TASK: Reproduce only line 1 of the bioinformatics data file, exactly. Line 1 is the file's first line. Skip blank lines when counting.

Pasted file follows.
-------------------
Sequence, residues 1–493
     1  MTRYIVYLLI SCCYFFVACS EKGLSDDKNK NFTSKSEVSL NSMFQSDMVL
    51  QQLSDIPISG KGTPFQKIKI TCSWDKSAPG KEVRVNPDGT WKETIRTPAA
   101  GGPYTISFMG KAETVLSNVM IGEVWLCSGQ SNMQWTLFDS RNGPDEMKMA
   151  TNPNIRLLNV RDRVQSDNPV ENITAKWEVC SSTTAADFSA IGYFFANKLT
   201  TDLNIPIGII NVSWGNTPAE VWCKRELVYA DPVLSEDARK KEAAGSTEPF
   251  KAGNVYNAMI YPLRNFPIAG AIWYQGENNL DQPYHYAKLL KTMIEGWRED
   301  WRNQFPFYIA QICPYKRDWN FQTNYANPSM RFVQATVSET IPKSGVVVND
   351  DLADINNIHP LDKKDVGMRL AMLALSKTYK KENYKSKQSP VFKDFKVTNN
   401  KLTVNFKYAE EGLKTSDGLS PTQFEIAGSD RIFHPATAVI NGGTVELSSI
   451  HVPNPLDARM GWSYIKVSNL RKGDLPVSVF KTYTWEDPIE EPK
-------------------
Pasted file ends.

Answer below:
Sequence, residues 1–493